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Comment & Response
March 1, 2021

Methodologic and Reporting Issues in Published Meta-analysis

Author Affiliations
  • 1Department of Brain and Behavioral Sciences, University of Pavia, Pavia, Italy
  • 2Doctoral School “Evidence-Based Assessment and Psychological Interventions,” Babeș-Bolyai University, Cluj-Napoca, Romania
  • 3Department of Clinical Psychology and Psychotherapy, Babeș-Bolyai University, Cluj-Napoca, Romania
JAMA Pediatr. 2021;175(6):643-644. doi:10.1001/jamapediatrics.2021.0010

To the Editor Fraguas et al1 report a meta-analysis of school-based antibullying interventions for prevention of bullying. We have several concerns regarding the methodology and reporting.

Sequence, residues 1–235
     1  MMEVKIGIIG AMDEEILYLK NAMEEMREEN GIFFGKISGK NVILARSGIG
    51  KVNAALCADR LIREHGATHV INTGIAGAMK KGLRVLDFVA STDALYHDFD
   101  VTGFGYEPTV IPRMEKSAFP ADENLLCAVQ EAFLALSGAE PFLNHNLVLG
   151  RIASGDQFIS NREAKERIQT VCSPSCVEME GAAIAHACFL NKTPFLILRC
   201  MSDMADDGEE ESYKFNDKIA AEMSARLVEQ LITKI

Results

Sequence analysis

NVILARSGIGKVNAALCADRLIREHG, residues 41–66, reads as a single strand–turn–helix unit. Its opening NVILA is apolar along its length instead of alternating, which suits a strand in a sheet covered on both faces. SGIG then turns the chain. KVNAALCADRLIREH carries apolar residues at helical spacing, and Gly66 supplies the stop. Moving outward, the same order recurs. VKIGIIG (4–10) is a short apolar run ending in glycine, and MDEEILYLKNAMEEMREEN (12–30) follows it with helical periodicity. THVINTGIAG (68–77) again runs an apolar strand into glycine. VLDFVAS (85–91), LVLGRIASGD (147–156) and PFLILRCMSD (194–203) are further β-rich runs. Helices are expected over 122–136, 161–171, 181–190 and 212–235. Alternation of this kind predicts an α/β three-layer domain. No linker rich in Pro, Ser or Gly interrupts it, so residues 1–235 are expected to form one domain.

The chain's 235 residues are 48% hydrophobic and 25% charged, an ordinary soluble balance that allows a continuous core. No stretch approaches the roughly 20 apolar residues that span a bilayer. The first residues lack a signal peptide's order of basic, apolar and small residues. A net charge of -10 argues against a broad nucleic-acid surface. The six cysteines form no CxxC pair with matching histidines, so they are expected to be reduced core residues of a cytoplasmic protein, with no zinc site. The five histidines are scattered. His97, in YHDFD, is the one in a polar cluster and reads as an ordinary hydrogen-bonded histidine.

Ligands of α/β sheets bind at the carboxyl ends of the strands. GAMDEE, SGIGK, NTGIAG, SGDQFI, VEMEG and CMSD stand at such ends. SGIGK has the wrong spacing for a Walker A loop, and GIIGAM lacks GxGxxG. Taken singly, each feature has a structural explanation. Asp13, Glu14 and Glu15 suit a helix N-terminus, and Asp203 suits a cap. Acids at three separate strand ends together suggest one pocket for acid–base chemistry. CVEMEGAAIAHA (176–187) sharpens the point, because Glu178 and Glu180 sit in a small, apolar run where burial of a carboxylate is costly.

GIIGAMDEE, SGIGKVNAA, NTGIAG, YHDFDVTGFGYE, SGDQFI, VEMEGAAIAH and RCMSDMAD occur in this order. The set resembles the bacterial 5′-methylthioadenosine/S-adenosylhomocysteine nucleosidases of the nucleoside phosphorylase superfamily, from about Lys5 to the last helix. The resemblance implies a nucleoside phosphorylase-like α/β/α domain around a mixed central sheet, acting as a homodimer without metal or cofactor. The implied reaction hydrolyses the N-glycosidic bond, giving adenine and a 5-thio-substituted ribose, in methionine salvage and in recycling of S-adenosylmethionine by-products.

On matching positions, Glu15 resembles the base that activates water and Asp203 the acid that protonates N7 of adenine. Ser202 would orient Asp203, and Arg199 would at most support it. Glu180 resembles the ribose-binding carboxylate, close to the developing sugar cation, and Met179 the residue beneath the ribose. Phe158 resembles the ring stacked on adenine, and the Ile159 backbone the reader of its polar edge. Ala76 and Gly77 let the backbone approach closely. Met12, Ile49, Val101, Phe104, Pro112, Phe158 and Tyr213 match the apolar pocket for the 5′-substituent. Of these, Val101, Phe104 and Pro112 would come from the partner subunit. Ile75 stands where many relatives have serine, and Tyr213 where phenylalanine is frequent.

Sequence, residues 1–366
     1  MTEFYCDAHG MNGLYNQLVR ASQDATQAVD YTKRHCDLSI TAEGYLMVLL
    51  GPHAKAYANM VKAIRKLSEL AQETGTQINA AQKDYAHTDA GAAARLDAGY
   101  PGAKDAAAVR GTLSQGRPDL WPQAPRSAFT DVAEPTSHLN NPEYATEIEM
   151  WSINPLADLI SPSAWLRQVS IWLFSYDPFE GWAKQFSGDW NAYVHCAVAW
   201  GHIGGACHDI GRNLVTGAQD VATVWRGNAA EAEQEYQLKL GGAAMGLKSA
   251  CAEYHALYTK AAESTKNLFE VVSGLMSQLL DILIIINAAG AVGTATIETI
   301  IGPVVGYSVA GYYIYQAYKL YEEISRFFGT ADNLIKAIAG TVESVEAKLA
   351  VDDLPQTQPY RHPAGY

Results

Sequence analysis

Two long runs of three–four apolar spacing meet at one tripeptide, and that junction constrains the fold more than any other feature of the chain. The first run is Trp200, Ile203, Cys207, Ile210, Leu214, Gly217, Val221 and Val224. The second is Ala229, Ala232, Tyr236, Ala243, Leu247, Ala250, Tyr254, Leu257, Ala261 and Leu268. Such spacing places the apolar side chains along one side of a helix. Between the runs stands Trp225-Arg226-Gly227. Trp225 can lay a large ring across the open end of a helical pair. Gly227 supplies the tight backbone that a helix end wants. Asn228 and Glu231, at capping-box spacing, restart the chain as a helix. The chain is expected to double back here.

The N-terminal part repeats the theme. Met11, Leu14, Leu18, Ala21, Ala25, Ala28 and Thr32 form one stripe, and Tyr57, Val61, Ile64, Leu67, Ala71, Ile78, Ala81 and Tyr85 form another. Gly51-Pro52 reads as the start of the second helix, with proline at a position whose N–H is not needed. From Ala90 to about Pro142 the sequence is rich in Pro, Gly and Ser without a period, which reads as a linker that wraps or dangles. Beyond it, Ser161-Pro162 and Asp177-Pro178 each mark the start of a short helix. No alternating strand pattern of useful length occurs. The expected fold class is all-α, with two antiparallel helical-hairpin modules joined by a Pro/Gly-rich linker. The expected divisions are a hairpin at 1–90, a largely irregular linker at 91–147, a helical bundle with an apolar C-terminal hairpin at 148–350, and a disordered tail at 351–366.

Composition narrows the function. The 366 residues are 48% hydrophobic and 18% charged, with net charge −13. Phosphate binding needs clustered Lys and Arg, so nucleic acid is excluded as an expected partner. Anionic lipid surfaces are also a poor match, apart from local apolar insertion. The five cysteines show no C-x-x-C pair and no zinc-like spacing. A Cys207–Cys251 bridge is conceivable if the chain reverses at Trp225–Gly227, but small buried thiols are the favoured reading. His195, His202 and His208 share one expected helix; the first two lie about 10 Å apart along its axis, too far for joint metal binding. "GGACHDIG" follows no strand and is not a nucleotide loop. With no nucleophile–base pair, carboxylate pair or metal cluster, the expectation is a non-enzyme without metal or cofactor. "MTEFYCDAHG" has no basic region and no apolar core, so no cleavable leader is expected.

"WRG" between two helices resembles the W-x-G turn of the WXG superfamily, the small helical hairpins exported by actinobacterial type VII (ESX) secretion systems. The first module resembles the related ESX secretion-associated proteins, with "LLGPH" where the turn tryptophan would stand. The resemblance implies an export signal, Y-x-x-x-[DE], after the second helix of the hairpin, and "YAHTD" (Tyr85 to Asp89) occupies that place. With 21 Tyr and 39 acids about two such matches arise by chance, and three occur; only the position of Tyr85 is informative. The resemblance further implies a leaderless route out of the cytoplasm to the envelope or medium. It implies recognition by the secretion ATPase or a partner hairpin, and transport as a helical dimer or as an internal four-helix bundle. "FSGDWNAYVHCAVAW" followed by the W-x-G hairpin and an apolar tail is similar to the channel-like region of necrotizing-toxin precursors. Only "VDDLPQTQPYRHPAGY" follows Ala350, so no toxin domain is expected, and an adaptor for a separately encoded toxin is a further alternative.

Almost all included trials (85%) evaluated universal prevention and should have ideally included a measure of risk reduction, such as incident or recurrent cases.2 The authors did not report any such outcomes. Effects were transformed from standardized mean differences to numbers needed to treat.3 For continuous outcomes (the majority in the meta-analysis), the transformation requires defining a threshold for response,3 an aspect that was not reported. Moreover, outcomes were averaged across heterogeneous categories combining instruments of variable psychometric properties and indexing very diverse constructs. For example, the “mental health problems” category included depression and social anxiety, but also empathy and self-efficacy, among others. The adjudication of instruments to outcome categories was sometimes contradictory, eg, empathy measurements were tallied in one instance at “mental health problems” and in another at “attitudes discouraging bullying”1 (eTable 2 in the Supplement). Predictably, effect estimates for these categories had very large heterogeneity, further limiting clinical relevance.

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